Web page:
NKWhat about the role of mothering and othering in the exhibition?
MSWhen I conceived of this exhibition as mOTHERTONGUE, I thought about the language split between a mother tongue and 'other tongues'. Mother tongue indicates not just the language you imbibed from your family and regional and cultural location, but a private version of your language and preferred ways of communicating.
I have always felt that my mother tongue was poetry, not Bangla, or English. It was to put a premium on the immediacy and feeling of language and suggest that language has a close generative feeling to people; it's not a structure of the outside world.
The 'other tongues' are the manufactured languages with elaborate grammars and syntaxes that come in the way of our private language and make expression a herculean task. They have to be learned and practised, and their codes reproduce social hierarchies. It is here that I see mothering and othering at work—mothering nurtures, while othering creates barriers whether in the domain of language or elsewhere.
NKThe exhibition begins with an 'unacknowledgement' that points to the protocols of First Peoples in Australia and associated platitudes. How did you compose this work given local sensitivities and your impetus towards making audiences uncomfortable?
MSOver the last decade, contracts have steadily become a fixture in my practice. Every work I produce is now accompanied by a contract, articulating a succinct message nested in the artwork.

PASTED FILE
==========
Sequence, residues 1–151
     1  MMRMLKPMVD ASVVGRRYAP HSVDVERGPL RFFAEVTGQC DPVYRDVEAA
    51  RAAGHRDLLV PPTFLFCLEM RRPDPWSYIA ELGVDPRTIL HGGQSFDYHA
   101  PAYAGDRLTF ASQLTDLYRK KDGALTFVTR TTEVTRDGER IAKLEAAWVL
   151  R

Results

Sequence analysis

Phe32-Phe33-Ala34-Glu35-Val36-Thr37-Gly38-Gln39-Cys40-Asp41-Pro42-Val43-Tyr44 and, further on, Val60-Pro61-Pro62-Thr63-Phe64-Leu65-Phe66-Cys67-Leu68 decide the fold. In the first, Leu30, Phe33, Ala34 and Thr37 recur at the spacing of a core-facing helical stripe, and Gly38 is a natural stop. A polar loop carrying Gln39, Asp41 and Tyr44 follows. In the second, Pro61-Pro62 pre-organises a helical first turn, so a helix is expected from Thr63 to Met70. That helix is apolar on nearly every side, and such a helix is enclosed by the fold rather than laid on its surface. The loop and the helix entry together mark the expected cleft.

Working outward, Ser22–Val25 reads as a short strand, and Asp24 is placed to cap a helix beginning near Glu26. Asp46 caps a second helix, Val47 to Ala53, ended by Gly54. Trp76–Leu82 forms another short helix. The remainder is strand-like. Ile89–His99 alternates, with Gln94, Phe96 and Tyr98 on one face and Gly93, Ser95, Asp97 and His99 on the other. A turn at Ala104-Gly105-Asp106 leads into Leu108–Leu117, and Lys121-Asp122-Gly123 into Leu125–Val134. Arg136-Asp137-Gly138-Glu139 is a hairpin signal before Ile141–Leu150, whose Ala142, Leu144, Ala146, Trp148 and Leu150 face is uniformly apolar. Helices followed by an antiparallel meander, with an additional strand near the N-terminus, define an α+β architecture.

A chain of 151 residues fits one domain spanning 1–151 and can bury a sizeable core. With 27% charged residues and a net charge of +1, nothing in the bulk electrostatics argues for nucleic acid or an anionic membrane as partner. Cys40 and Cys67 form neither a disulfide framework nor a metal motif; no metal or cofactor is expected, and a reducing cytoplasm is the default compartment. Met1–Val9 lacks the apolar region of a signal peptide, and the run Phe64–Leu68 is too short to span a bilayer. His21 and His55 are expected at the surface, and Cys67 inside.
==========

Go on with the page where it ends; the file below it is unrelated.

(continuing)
I have always felt that my mother tongue was poetry, not Bangla, or English.
Un-acknowledgement returns my practice to the exhibition's raison d'être by tracking my personal history with the contract using contractual language. The contract stands to speak to the contexts of colonisation, cultural subjugation, and dispossession to bring attention to the exhibition's focus: language.
In doing so, I reference the dispassionate heavy-handedness of legal English on one hand, and on the other, official forms, disclaimers, statutory warnings, and public messages—one of these being land acknowledgements.
The ubiquity of contractual undertakings meets the uniqueness of the postcolonial relationship with the 'other tongue' of English. The confluence of these two experiences gets sealed within the contract. Through this, I attempted to draw a bridge between colonised people, whether from India, Australia, or elsewhere.
The work addresses the cultural subjugation inflicted by colonisation and its contiguous agents, implicated within institutions that carry out such acknowledgements as a rite of conscience-clearing. It was an important affinity to underline and a prominent ritual to emphasise.
NKDeadline – extended (2023), the projection of an analogue clock with its hands immobilised over Roman numerals, appears to suggest untimeliness, frozen time, but also the pressures of deadlines, bureaucratic time, and being out of time. Can you discuss this work?